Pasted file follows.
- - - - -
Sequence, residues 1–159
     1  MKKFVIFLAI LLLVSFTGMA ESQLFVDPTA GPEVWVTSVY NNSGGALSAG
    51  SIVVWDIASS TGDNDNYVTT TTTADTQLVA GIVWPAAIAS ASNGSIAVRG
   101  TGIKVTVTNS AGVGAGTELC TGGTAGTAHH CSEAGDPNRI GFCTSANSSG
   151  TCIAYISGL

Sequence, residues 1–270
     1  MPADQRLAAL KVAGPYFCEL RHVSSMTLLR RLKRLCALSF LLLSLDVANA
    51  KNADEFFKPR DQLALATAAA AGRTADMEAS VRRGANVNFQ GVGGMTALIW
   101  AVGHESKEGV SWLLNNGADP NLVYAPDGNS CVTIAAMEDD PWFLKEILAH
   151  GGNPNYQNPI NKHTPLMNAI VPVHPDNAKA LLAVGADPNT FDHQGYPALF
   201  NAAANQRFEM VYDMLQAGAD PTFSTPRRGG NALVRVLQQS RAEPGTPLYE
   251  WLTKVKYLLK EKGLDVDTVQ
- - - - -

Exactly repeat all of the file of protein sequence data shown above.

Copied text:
Sequence, residues 1–159
     1  MKKFVIFLAI LLLVSFTGMA ESQLFVDPTA GPEVWVTSVY NNSGGALSAG
    51  SIVVWDIASS TGDNDNYVTT TTTADTQLVA GIVWPAAIAS ASNGSIAVRG
   101  TGIKVTVTNS AGVGAGTELC TGGTAGTAHH CSEAGDPNRI GFCTSANSSG
   151  TCIAYISGL

Sequence, residues 1–270
     1  MPADQRLAAL KVAGPYFCEL RHVSSMTLLR RLKRLCALSF LLLSLDVANA
    51  KNADEFFKPR DQLALATAAA AGRTADMEAS VRRGANVNFQ GVGGMTALIW
   101  AVGHESKEGV SWLLNNGADP NLVYAPDGNS CVTIAAMEDD PWFLKEILAH
   151  GGNPNYQNPI NKHTPLMNAI VPVHPDNAKA LLAVGADPNT FDHQGYPALF
   201  NAAANQRFEM VYDMLQAGAD PTFSTPRRGG NALVRVLQQS RAEPGTPLYE
   251  WLTKVKYLLK EKGLDVDTVQ